Work is scheduled to take place between 7 a.m. and 5 p.m. on weekdays, and from 9 a.m. to 5 p.m. on Saturdays. In all, the project will take 19 to 31 days, including testing, with actual drilling taking place on eight to 10 of those days…

Based on a 2008 geothermal feasibility study, the temperature of local underground water ranges from 90 to 140 degrees. To heat or cool buildings with geothermal energy, 100-degree water is required. To generate electricity, the city would need water of at least 220 degrees.

More geothermal coverage here and here.

Durango: Voters are being asked to approve $4 million in debt to purchase water from the Animas-La Plata project


From The Durango Herald (Dale Rodebaugh):

As it stands, the city can store 60 million gallons of water (180 acre-feet) – a seven-day supply. In peak season, daily use is 9.5 million gallons, counting irrigation. The purchase of 3,800 acre-feet from the A-LP, as it’s known, would make 1,900 acre-feet available for consumption. Only half of any A-LP water may be used annually. The other half must remain in Lake Nighthorse, the reservoir southwest of Durango…

The cost of 3,800 acre-feet is about $6.2 million. The city has paid $1 million and has $1.2 million available from a surplus in its water fund. The $4 million balance would be borrowed. Durango paid the $1 million in 2005 in anticipation of buying A-LP water, city Director of Public Works Jack Rogers said Friday. It was cheaper to install the needed plumbing at the A-LP pumping plant while it was being built than retrofitting, he said. If the city can borrow from the Colorado Water Resources and Power Development Authority, the rate would be 1.95 percent for 20 years, a total cost of almost $5 million. Debt service would be funded from water rates and plant investment fees (charged to new development).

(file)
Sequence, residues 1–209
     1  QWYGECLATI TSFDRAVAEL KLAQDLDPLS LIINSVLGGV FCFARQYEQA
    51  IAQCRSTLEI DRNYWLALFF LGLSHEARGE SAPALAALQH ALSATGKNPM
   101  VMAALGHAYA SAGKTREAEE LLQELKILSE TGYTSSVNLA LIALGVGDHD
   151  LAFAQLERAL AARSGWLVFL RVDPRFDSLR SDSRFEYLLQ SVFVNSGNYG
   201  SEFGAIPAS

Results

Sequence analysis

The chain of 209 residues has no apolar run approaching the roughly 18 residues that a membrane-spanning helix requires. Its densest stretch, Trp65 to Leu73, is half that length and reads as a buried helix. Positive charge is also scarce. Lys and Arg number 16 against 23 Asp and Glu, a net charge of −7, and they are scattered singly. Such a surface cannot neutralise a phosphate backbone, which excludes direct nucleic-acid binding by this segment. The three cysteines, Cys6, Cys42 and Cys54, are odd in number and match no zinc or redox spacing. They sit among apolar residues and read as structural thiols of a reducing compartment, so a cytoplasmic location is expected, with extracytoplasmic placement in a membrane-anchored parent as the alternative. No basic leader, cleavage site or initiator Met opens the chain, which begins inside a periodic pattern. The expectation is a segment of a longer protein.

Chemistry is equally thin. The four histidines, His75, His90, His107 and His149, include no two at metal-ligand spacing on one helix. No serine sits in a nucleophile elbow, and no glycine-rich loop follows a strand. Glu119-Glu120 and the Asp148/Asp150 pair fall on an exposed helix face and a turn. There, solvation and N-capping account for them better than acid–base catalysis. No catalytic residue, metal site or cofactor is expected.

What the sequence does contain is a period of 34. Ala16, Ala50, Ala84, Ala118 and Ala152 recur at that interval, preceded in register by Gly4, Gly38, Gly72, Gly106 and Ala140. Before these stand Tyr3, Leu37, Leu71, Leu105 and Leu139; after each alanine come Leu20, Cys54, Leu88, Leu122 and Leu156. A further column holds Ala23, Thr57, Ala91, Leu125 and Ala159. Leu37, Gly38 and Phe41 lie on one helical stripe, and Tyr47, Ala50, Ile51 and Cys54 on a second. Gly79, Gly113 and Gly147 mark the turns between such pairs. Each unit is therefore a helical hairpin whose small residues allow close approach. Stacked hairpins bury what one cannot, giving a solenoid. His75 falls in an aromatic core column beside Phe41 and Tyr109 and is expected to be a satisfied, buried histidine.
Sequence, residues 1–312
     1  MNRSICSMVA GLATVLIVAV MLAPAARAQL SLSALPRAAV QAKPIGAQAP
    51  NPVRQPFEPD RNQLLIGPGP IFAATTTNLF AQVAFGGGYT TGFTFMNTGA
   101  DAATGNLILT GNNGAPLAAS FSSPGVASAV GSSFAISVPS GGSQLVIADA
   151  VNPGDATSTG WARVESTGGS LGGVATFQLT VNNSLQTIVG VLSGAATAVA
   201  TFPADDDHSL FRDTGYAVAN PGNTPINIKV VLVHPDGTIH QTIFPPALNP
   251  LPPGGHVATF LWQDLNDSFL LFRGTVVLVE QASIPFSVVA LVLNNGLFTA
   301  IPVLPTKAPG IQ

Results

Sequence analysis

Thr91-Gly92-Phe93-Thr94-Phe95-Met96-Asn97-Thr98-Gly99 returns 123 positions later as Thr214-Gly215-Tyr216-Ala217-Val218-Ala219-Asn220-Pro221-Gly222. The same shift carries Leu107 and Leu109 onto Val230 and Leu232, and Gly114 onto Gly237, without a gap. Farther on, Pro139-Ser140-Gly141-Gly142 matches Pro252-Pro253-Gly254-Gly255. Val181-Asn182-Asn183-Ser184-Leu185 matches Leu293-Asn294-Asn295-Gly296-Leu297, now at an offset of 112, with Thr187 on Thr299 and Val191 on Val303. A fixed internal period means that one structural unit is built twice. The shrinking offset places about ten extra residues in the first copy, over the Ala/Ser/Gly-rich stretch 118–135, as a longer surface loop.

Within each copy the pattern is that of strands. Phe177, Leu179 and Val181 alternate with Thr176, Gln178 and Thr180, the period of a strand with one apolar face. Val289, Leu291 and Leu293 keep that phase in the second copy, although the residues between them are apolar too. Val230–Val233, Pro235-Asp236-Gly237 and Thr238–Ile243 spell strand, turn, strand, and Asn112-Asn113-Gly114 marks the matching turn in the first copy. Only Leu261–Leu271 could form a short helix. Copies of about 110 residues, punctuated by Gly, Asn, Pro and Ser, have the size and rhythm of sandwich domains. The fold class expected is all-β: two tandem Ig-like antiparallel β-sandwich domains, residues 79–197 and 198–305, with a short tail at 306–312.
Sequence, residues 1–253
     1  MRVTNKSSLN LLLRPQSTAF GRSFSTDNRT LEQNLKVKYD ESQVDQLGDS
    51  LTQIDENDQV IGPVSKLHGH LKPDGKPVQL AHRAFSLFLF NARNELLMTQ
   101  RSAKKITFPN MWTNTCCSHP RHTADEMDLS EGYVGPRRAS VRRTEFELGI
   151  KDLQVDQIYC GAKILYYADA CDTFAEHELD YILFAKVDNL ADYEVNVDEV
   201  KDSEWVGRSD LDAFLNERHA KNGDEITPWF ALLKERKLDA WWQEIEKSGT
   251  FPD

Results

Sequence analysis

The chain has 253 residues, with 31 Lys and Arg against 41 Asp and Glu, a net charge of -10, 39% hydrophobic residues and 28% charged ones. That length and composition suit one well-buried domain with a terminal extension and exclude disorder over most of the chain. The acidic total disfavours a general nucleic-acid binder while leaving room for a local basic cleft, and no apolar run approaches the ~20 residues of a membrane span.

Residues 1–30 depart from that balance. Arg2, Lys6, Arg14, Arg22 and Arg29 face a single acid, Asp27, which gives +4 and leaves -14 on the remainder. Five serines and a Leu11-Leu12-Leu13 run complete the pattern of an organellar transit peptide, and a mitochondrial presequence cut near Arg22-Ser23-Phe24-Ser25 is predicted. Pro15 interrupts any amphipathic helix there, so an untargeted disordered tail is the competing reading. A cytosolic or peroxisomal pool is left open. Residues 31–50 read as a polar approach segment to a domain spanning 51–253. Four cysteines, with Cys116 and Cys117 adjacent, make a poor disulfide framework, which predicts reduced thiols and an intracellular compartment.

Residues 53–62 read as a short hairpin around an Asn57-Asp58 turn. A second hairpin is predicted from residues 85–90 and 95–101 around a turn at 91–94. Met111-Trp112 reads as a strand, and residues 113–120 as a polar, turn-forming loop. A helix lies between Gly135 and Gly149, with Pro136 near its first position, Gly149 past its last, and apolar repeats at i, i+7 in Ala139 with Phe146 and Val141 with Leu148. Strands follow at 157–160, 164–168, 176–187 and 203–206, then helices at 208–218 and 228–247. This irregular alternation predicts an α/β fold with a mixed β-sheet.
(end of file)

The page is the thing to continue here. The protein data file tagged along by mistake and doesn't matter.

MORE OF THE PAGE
Homeowners pay from $2.12 to $2.78 per 1,000 gallons depending on consumption. No increase in water rates is planned for 2012.

More Animas-La Plata Project coverage here and here.

Pueblo: Action 22’s ‘Southern Colorado Summit’ October 26


Here’s the agenda for the event from the Action 22 website:

Action 22 is holding its Southern Colorado Water Summit on Wednesday, October 26, at CSU-Pueblo Occhiato Student Center Ballroom, 2200 N. Bonforte Blvd., Pueblo. Great information on the gap between water supply and demand will be provided along with what the future will look like considering compact calls and potential water projects.

More coverage from The Pueblo Chieftain (Chris Woodka):

The Action 22 summit will be from 8 a.m. to 4:30 p.m. Oct. 26 in the Colorado State University-Pueblo Student Center. Action 22 is a volunteer organization representing cities, counties, businesses and organizations in Southern Colorado.

The keynote luncheon speaker will be Chris Woodka, a Pueblo Chieftain editor and reporter who specializes in water issues. He will talk about his adventures in reporting on Fountain Creek issues.

More education coverage here.